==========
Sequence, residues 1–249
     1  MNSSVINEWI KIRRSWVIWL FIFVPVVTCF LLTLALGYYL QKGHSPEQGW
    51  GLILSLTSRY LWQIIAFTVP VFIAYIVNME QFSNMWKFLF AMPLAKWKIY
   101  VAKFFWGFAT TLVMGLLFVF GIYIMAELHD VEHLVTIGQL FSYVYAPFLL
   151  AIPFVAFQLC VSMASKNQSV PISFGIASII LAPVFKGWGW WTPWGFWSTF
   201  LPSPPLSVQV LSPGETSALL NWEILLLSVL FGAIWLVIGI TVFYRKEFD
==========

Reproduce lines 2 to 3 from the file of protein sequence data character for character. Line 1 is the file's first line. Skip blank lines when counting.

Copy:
     1  MNSSVINEWI KIRRSWVIWL FIFVPVVTCF LLTLALGYYL QKGHSPEQGW
    51  GLILSLTSRY LWQIIAFTVP VFIAYIVNME QFSNMWKFLF AMPLAKWKIY